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Citations


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Citations



    Other References

    1. Fairbairn,. Fairbain's book of Crests of the Families of Great Britain and Ireland, 4th Edition 2 volumes in one. Baltimore: Heraldic Book Company, 1968. Print.
    2. Barrow, G.W.S Ed. The Charters of David I The Written Acts of David I King of Scots, 1124-53 and of His Son Henry, Earl of Northumerland, 1139-52. Woodbridge: The Boydell Press, 1999. Print.
    3. Bowman, George Ernest. The Mayflower Reader A Selection of Articales from The Mayflower Descendent. Baltimore: Genealogical Publishing. Print.
    4. Adam, Frank. Clans Septs and Regiments of the Scottish Highlands 8th Edition. London: Bacon (G.W.) & Co, 1970. Print. (ISBN 10-0717945006).
    5. Warner, Philip Warner. Famous Scottish Battles. New York: Barnes and Noble, 1996. Print. (ISBN 0-76070-004-4).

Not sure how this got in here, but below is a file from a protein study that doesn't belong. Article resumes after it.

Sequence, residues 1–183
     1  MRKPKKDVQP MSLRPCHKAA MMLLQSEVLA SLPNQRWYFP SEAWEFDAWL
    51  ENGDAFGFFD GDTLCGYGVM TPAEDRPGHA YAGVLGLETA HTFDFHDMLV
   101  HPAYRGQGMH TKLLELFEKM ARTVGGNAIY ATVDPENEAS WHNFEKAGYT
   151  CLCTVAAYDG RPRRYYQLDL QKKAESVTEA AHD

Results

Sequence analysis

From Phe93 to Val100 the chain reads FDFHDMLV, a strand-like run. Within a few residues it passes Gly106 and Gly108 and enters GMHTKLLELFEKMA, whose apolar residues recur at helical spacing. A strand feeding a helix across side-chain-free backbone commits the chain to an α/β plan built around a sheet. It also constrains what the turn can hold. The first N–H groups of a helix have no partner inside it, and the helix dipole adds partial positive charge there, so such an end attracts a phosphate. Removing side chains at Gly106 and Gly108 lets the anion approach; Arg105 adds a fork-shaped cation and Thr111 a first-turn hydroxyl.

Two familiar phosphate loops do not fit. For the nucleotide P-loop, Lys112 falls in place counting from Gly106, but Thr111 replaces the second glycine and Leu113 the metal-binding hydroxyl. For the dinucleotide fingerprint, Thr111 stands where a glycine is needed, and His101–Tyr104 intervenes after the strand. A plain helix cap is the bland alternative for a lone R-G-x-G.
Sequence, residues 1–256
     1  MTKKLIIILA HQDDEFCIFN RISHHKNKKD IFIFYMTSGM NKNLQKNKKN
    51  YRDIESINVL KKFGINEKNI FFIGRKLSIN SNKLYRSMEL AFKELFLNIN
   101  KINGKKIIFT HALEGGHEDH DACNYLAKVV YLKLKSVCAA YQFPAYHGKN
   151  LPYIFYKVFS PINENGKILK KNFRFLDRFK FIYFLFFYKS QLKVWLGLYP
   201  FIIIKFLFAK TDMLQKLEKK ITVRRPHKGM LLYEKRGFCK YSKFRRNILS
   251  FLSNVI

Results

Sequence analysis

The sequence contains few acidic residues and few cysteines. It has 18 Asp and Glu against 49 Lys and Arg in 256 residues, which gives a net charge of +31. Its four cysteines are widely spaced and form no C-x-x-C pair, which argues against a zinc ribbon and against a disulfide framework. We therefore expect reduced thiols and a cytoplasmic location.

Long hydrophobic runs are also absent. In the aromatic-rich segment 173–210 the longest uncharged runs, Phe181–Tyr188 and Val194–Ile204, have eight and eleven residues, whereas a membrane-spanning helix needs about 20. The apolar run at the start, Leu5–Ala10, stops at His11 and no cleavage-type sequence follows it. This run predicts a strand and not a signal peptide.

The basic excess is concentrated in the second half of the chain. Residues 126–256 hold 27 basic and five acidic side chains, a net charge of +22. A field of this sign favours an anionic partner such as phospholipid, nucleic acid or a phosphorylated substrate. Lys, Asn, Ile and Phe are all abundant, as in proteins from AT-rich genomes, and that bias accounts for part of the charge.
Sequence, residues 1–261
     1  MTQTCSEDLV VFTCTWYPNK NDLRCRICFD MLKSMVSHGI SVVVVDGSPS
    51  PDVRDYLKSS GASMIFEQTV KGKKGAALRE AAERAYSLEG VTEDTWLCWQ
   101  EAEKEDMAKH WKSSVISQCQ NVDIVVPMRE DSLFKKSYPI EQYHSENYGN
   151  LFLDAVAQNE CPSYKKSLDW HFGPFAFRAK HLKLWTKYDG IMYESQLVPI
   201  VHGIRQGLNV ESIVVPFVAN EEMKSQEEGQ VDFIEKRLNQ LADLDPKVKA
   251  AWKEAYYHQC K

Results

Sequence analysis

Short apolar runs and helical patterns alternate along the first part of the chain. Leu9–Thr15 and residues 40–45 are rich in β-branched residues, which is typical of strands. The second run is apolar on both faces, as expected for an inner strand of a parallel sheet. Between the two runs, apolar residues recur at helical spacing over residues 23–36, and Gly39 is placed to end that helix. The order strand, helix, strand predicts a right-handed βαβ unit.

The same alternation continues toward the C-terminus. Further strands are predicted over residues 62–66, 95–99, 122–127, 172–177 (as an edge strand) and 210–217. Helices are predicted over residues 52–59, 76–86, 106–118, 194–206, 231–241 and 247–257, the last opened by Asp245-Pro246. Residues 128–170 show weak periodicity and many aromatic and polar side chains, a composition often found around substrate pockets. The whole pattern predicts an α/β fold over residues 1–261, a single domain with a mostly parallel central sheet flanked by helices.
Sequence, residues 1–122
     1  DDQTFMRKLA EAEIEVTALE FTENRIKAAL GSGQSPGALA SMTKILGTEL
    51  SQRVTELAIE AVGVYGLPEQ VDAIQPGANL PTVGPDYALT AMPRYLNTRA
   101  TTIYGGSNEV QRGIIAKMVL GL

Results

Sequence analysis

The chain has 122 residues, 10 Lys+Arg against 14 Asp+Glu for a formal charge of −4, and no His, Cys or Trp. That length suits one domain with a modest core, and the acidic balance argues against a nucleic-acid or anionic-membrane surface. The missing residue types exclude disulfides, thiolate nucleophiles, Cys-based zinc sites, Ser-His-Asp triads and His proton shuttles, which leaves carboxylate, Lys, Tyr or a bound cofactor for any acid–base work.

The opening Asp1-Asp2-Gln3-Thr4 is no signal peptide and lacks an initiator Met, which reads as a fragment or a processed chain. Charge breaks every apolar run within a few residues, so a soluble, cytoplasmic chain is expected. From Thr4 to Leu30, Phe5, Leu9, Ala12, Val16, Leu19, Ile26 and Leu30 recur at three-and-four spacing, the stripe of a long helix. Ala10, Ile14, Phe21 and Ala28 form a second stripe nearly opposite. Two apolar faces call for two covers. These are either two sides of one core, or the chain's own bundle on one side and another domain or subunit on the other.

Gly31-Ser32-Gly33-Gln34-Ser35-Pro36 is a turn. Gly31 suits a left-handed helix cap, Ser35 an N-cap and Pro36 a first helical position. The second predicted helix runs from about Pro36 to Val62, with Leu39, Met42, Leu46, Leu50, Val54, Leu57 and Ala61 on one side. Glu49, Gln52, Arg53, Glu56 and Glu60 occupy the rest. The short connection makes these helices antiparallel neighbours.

6. Burke, Sir Bernard. Genealogical and Heraldic History of the Peerage and Baronetage, The Privy Council, Knightage and Compainonage. London: Burke Publishing, 1921. Print.
    7. Chadwick, Nora Kershaw and J.X.W.P Corcoran. The Celts. London: Penguin, 1970. Print. (ISBN 0140212116).
    8. Fulton, Alexander. Scotland and Her Tartans: The Romantic Heritage of the Scottish Clans and Families. Godalming: Bramley, 1991. Print. (ISBN 0-86283-880-0).
    9. Le Patourel, John. The Norman Empire. New York: Oxford University Press, 1976. Print. (ISBN 0-19-822525-3).
    10. Skordas, Guest. Ed. The Early Settlers of Maryland an Index to Names or Immigrants Complied from Records of Land Patents 1633-1680 in the Hall of Records Annapolis, Maryland. Baltimore: Genealogical Publishing, 1968. Print.
    11. ...

    The Cumigham Family Crest was acquired from the Houseofnames.com archives. The Cumigham Family Crest was drawn according to heraldic standards based on published blazons. We generally include the oldest published family crest once associated with each surname.

    This page was last modified on 16 October 2013 at 16:51.